Top 10 NCHBA Actions To Benefit Our Members

1. Fixed the Sales Tax for Repair, Maintenance and Installation (RMI) Services

No single piece of legislation passed by the North Carolina General Assembly last year will have a bigger impact on home builders, remodelers and many of our associates than the sales tax fix on RMI included in HB 1030 (2016 Appropriations Act). These important tax law changes significantly modify the taxation of repair, maintenance and installation (RMI) services, which became effective on March 1 of this year. All labor pursuant to a “real property contract” (which is between a real property contractor and another person to perform construction, reconstruction, or remodeling with respect to a capital improvement) is now exempt from taxation. A “capital improvement” is defined as “an alteration to real property that is new construction, reconstruction, or remodeling of a building, structure, or fixture on land that becomes part of the real property or is permanently installed in the real property”. Among the specific examples of a “capital improvement” is “performance of work that requires the issuance of a permit under the State Building Code” (a residential project that costs at least $15,000). Other examples include painting, wallpapering and landscape services. Specifically excluded from taxation are services performed to resolve an issue that was part of a real property contract within twelve months of the new structure being occupied for the first time (warranty call-backs). Home inspections, debris removal, pest control and fees for inspections required by law are also specifically exempt. Those subcontractors who operate as a “retailer-contractor” (i. e., provide subcontractor services to builders and others) are also exempt when the entity acts as a real property contractor.

SAVINGS TO MEMBERS: Millions of dollars in avoided sales

taxes on installation services in both new construction and remodeling. These changes became effective on 01/01/17.

2. Implementation of Exemption of Builders’ Inventory from Property Taxation

HB 168 (Session Law 2015-223), effective for taxable years beginning on or after 07/01/16 and applies to subdivision of land or other improvements made after 07/01/15) exempts from the property tax the increase in value of real property held for sale by a builder to the extent the increase is attributable to subdivision or other improvement. “Builder” is defined as a taxpayer engaged in the business of buying real property, making improvements to it, and then reselling it. Thus, both developers and home builders qualify for this tax exclusion for both land development and building of single family and duplex homes. The builder must apply for this exemption annually and it can last no longer than three years.

SAVINGS TO MEMBERS: The NAHB Economics Department

estimates savings of $145 million annually.

3. Successfully urged the Building Code Council to enact important code changes which produced significant

cost savings

NCHBA Director of Construction & Codes Robert Privott is a

constant fixture at all meetings of the Building Code Council (BCC) and its various committees. His expert advocacy and credibility with the BCC again produced significant cost savings to homebuyers thorough several key amendments to the code. Examples include: Amended the 2012 Plumbing Code to implement NCHBA-sought legislation in 2015 to provide a fix for 90+ high energy furnaces which shut down on extremely cold days when drain lines freezes; fix allows both this condensate and AC condensation to drain to building drainage system per manufacturers’ recommendation.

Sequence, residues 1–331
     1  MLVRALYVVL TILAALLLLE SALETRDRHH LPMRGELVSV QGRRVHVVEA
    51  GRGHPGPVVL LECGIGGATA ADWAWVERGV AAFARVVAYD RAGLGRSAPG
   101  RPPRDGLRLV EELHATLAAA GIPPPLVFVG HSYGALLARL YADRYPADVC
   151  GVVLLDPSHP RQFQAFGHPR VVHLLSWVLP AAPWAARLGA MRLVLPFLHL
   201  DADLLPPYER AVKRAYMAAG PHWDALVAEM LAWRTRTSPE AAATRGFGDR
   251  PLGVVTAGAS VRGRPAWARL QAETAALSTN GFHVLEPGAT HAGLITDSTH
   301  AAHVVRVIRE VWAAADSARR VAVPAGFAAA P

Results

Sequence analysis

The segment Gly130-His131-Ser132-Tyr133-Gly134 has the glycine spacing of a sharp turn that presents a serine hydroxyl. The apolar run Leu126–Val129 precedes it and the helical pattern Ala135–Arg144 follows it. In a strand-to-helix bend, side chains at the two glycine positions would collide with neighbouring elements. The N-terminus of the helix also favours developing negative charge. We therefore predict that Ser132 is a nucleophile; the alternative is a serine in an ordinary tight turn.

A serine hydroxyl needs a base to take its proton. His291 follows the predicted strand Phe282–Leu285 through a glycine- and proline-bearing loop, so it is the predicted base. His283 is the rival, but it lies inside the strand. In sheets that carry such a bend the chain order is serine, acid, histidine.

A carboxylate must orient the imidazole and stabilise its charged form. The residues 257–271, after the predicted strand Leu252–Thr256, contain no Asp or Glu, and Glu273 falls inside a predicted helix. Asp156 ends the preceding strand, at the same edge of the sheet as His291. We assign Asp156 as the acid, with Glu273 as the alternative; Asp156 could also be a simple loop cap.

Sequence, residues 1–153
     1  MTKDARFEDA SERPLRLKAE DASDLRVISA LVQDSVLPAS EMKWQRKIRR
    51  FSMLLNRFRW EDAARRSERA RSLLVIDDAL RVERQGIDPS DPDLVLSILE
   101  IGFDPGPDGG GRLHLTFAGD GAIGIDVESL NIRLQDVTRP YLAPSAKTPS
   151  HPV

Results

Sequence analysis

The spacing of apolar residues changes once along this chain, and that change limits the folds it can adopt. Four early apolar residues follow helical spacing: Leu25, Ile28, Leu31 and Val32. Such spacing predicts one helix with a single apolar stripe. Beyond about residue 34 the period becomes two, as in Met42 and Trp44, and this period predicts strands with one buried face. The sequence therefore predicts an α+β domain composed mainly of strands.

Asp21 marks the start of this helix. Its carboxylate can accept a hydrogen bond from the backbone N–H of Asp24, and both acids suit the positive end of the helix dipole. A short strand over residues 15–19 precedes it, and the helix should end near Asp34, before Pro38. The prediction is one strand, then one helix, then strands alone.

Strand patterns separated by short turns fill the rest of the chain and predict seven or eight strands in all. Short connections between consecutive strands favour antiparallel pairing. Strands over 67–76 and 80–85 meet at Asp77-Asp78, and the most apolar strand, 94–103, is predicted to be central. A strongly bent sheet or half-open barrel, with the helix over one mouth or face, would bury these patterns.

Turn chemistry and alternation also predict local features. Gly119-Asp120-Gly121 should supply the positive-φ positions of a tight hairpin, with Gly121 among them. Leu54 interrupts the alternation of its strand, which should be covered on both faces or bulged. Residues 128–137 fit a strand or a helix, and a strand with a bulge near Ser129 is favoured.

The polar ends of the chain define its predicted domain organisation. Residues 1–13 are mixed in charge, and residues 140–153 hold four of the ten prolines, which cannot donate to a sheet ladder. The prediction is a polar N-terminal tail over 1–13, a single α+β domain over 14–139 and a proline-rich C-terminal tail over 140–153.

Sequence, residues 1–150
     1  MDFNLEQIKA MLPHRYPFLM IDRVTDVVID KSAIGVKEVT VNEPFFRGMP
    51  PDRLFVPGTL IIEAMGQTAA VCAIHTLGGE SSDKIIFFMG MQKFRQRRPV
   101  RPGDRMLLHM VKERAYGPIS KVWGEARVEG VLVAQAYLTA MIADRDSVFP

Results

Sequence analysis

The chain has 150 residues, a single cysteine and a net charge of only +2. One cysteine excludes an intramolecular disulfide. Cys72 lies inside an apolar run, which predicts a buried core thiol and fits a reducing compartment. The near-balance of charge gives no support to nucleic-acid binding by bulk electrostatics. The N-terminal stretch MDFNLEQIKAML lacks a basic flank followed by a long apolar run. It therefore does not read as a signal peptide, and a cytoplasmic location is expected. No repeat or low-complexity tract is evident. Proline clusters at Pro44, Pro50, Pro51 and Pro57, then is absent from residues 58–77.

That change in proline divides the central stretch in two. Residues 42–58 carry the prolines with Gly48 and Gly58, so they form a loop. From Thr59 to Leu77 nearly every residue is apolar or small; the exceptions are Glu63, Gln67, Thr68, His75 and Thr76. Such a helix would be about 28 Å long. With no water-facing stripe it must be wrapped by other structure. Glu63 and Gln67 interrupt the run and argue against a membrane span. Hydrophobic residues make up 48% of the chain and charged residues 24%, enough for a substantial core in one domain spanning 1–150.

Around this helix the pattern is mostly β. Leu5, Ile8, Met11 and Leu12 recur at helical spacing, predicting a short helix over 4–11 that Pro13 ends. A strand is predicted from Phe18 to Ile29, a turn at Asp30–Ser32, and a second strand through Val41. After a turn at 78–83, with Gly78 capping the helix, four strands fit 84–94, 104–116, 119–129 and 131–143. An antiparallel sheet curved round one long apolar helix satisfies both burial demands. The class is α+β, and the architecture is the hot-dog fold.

SAVINGS TO MEMBERS: Hundreds of thousands of dollars in

avoided cost as well as future energy savings by preserving the option of high efficiency furnace installation. Amended code to permit excess mortar that falls into 2” air space between brick veneer and exterior wall sheathing to meet code. SAVINGS TO MEMBERS: Hundreds of thousands of dollars

just to one of our members as a result of this change. Successfully amended the Mechanical Code so that HVAC design and load sizing calculations are no longer required as a precondition for permitting, inspections, or certificates of occupancy. SAVINGS TO MEMBERS: Hundreds of

thousands of dollars in construction delay cost avoidance.

4. Secured Appropriation to Put NC Building Code On-Line While the NC Building Codes are currently available on-line via the Department of Insurance’s website, the text is read only and not searchable. The final budget conference report for HB 1030 included an appropriation of $425,000 to the NC Department of Insurance to make the Building Code Registry fully on-line and searchable. Thus, our members and the public will be able to access the family of NC building codes on-line without having to purchase the hard copy books for the current edition of the codes.

SAVINGS TO MEMBERS: Thousands of dollars by free on-line

access rather than purchase of code books.

5. Secured Vesting Protection for Multi-Phase Projects HB 483 (Land-Use Regulatory Changes) was passed on the last day of the session and contained an important provision that vests all phases of a multi-phase development at time of application for the initial phase. While this language is limited to large projects, it does provide vesting protection to those projects for seven (7) years.

SAVINGS TO MEMBERS: Millions in avoided costs by preventing

downzonings of future residential development phases.

6. No Building Permit for Minor Repairs

This provision, which was inserted into SB 770 (North Carolina Farm Act of 2016) at the request of NCHBA to clarify existing law, excludes certain minor repairs in residential and farm structures from any requirement to obtain a building permit. Specifically excluded is the replacement of windows, doors, exterior siding, or the pickets,